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Vicky Mochama: The voice of Metro News.

Vicky Mochama: Ottawa needs to listen to MP Celina Caesar-Chavannes

In a Facebook post, the Liberal member of parliament for Whitby, Ont. wrote about the microaggressions she faces as a Black woman working on the Hill.

MP Celina Caesar-Chavannes’ message should inspire all the political parties and the organization around the Hill, writes Vicky Mochama.

Sabrina Byrnes / Metroland

MP Celina Caesar-Chavannes’ message should inspire all the political parties and the organization around the Hill, writes Vicky Mochama.

I like to joke that my biggest fear is a white girl with a clipboard.

It’s actually clowns and backwoods camping. But the image is an easy way to explain a problem I regularly face: the spaces I want to go are all too often blocked by gatekeepers who do not believe that I belong.

I’m starting to think it’s too true to be funny.

In a Facebook post published last week, Celina Caesar-Chavannes, the Liberal member of Parliament for Whitby, wrote about the microaggressions she faces while working on the Hill. In one instance detailed by Caesar-Chavannes, as she was doing her makeup in her office washroom, a woman “jokingly” asked her not to steal the wallet she left near the door. That same day, she said, security failed to open the door for her after a year of working in the building.

Often, irony is used to cover for racist sentiments. How many times have I held back my contempt when someone jokingly asks if I know another Black person that they happen to know? Or as they add a stereotypical finger snap and sassy head shake after I have said something pointed? The point of those “jokes” isn't humour. Instead, they're meant to make me complicit by laughing or excluded if I disapprove.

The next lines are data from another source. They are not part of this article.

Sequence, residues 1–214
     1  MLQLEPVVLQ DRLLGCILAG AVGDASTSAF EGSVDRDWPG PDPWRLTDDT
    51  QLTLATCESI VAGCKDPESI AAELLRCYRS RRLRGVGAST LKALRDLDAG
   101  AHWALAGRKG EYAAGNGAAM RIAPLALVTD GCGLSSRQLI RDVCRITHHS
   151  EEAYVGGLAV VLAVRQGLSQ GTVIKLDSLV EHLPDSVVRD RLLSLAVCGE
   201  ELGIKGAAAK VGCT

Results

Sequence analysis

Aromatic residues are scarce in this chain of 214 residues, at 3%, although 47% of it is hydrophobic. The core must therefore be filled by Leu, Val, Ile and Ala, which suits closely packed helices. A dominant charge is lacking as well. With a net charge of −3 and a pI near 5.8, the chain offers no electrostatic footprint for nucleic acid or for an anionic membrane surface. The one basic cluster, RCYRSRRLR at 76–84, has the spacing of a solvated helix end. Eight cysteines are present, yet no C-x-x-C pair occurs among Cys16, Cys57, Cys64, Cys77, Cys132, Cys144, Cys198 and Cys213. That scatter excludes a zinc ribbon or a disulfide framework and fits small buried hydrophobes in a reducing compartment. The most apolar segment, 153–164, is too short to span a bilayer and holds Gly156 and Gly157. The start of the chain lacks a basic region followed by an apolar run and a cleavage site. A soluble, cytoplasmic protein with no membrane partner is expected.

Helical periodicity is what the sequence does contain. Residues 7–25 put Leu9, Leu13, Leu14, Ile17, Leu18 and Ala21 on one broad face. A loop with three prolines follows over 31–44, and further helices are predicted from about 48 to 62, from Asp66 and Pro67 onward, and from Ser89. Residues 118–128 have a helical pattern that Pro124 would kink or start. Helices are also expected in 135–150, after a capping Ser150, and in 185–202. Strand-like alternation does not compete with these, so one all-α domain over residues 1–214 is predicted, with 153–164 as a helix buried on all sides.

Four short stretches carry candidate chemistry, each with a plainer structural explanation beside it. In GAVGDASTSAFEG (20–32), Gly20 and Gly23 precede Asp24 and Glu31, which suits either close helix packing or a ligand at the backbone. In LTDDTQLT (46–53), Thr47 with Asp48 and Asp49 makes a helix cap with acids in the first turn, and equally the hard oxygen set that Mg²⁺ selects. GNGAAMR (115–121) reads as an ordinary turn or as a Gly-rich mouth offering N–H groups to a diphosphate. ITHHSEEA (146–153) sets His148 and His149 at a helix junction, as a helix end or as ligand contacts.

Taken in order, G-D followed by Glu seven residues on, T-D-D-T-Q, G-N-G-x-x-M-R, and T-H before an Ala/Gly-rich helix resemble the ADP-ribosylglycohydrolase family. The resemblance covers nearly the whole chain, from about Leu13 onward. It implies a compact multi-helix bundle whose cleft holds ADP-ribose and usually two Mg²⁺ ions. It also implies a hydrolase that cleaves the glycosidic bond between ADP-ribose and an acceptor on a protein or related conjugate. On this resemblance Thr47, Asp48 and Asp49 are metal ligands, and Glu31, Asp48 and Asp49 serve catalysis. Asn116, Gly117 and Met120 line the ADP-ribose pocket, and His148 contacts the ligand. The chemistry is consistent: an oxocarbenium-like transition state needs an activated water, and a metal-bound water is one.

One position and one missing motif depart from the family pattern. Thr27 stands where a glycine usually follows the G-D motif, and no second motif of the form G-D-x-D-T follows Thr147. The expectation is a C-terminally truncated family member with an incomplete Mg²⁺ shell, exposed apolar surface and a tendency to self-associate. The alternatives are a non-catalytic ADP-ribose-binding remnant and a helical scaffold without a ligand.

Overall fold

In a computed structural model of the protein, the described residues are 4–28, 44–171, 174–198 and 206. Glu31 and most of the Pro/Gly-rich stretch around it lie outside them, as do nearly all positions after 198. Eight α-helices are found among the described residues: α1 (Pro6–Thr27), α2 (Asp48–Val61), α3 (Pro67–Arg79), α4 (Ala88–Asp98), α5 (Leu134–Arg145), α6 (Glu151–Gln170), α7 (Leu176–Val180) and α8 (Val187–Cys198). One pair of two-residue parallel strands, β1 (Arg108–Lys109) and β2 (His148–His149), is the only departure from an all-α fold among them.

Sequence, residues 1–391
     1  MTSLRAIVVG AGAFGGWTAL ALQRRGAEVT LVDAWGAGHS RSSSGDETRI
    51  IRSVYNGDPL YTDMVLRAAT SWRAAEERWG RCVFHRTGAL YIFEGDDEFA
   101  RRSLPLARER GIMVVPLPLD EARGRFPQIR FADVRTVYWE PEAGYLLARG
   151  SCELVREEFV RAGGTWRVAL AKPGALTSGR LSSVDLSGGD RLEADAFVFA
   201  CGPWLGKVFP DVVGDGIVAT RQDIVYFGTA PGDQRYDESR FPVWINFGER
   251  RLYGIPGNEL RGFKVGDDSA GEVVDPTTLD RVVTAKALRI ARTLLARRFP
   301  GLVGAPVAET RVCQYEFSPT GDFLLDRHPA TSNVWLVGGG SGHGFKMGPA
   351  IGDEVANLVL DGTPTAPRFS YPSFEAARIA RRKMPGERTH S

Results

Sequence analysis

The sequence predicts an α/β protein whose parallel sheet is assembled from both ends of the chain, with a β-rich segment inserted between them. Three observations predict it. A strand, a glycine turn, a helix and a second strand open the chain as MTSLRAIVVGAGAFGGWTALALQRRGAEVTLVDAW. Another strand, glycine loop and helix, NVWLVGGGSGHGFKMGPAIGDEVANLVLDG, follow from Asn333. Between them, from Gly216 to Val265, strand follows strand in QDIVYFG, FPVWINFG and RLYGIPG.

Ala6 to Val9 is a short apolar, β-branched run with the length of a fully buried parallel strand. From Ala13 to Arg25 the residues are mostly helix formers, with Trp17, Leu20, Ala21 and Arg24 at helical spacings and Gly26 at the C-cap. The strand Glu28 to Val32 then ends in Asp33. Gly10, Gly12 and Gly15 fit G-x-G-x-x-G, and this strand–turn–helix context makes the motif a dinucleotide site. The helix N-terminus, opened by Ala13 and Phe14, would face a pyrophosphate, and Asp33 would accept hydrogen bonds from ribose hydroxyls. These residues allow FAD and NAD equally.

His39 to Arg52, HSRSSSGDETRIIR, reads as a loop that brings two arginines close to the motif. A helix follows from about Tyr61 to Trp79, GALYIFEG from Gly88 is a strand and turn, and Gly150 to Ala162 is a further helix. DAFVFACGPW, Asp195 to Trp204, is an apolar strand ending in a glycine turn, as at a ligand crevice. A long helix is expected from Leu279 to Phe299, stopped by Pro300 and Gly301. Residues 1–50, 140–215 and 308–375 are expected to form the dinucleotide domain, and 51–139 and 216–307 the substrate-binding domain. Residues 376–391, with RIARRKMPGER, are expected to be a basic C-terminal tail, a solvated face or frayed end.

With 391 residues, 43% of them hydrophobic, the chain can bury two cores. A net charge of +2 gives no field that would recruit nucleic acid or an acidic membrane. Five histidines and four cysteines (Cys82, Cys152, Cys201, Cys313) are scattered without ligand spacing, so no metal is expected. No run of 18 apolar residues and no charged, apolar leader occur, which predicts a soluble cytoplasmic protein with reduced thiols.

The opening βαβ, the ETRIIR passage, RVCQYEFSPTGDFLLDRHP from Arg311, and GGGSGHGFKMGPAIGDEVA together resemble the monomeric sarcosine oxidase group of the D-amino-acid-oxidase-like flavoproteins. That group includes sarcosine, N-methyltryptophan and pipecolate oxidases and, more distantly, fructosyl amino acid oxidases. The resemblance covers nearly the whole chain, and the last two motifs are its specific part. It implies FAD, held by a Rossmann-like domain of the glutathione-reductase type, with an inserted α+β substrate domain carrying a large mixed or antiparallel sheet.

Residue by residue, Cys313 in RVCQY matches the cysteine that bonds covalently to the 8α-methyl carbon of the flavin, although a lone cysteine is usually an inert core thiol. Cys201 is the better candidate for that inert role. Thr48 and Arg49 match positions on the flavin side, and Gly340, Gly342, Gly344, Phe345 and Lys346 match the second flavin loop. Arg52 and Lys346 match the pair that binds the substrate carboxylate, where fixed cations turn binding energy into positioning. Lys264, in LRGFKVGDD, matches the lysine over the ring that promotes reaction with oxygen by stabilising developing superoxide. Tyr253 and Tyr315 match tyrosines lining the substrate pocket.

For her part, Caesar-Chavannes is determined not to be silenced by these types of encounters. She writes, “I will continue to bow my head and swallow the shame as I pull out my pass and show it in order to verify that I am truly a Member of Parliament and therefore allowed access to the building or bus.”

Consistently having one’s credibility and validity questioned is exhausting. The writer Kiese Laymon notes that answering those questions taxes the respondent, saying “scars accumulated in battles won sometimes hurt more than battles lost.”

Despite an uninterrupted presence of Black people in Canada of over 400 years, Black women’s political presence in Ottawa is a short history: starting with Anne Cools’ appointment as Senator in 1984 to Jean Augustine’s election to the House in 1993.

We are still in the land of “Firsts” as a Black woman has yet to be appointed to a senior cabinet post. Augustine was appointed the cabinet post of Secretary of State for Multiculturalism and Status of Women. Caesar-Chavannes also serves as a parliamentary secretary. Credible and talented Black women continue to be appointed to worthwhile but less-empowered roles as Parliamentary Secretaries.

Caesar-Chavannes’ message should inspire all the political parties and the organization around the Hill to think about the barriers and humiliations that prevent Black women from taking up space.

As she writes, “Glass ceilings do not get broken by sitting on the sidelines and watching. They break when you stand up.”

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